Ferromagnetism is the "normal" form of magnetism with which most people are familiar, as exhibited in horseshoe magnets and refrigerator magnets. It is responsible for most of the magnetic behavior encountered in everyday life. The attraction between a magnet and ferromagnetic material is "the quality of magnetism first apparent to the ancient world, and to us today," according to a classic text on ferromagnetism.
Ferromagnetism is defined as the phenomenon by which materials, such as iron, in an external magnetic field become magnetized and remain magnetized for a period after the material is no longer in the field.
All permanent magnets are either ferromagnetic or ferrimagnetic, as are the metals that are noticeably attracted to them.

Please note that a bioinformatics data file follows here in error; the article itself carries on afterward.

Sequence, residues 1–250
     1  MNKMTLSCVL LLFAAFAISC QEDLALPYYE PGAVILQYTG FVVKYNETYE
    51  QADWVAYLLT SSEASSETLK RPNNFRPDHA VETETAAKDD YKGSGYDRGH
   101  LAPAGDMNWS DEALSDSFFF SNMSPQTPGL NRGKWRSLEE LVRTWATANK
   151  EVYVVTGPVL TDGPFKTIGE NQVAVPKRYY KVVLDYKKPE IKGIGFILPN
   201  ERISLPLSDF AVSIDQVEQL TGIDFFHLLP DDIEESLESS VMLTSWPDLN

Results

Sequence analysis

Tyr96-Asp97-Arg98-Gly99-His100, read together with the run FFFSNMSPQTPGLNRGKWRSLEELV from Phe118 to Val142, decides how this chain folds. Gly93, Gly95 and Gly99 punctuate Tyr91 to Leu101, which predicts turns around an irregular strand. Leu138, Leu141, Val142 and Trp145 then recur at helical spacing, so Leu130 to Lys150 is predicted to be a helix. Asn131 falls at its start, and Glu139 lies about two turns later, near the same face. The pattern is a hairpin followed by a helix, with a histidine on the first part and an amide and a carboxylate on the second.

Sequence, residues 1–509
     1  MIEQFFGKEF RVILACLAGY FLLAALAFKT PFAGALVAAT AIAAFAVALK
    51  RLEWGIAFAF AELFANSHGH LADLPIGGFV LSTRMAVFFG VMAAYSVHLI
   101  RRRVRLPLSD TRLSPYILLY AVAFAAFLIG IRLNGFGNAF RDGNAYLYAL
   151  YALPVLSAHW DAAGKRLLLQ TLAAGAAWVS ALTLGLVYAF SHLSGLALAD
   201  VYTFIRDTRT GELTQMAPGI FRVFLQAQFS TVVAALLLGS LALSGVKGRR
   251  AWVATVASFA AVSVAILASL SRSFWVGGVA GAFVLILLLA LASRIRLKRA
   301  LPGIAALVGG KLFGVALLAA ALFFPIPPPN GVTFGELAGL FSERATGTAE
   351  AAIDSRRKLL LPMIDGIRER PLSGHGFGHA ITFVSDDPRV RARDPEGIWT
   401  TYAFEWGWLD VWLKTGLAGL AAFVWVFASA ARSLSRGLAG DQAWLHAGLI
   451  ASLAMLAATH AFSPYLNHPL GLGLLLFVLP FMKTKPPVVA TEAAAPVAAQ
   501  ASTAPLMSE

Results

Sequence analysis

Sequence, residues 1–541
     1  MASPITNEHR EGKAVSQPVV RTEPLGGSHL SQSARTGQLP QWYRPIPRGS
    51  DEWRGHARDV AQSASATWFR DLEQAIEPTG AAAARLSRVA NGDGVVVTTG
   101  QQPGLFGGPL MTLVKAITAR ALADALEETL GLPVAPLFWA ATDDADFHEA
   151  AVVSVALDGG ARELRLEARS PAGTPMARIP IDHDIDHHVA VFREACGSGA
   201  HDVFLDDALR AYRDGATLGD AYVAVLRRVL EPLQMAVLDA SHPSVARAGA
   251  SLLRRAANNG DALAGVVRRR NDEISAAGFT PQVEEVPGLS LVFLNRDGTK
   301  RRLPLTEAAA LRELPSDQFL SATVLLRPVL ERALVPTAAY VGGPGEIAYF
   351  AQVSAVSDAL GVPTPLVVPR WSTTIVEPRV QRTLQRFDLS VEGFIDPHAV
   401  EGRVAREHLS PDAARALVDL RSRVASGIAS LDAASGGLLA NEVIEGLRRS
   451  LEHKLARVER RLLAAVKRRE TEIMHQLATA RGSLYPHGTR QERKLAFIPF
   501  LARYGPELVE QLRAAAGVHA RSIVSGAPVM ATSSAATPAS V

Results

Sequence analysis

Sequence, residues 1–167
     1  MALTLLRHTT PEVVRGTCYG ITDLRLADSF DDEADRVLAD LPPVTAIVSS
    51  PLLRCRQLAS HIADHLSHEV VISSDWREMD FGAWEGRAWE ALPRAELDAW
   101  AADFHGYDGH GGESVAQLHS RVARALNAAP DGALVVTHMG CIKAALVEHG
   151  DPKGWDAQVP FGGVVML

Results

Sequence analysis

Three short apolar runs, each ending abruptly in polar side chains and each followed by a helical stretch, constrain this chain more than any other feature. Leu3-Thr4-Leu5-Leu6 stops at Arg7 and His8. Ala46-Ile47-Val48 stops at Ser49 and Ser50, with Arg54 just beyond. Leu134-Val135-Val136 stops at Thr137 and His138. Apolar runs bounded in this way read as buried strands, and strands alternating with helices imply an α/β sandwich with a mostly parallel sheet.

Historically, the term ferromagnet was used for any material that could exhibit spontaneous magnetization: a net magnetic moment in the absence of an external magnetic field. This general definition is still in common use. More recently, however, different classes of spontaneous magnetisation have been identified when there is more than one magnetic ion per primitive cell of the material, leading to a stricter definition of "ferromagnetism" that is often used to distinguish it from ferrimagnetism. In particular, a material is "ferromagnetic" in this narrower sense only if all of its magnetic ions add a positive contribution to the net magnetization. If some of the magnetic ions subtract from the net magnetization (if they are partially anti-aligned), then the material is "ferrimagnetic". If the ions anti-align completely so as to have zero net magnetization, despite the magnetic ordering, then it is an antiferromagnet. All of these alignment effects only occur at temperatures below a certain critical temperature, called the Curie temperature (for ferromagnets and ferrimagnets) or the Néel temperature (for antiferromagnets).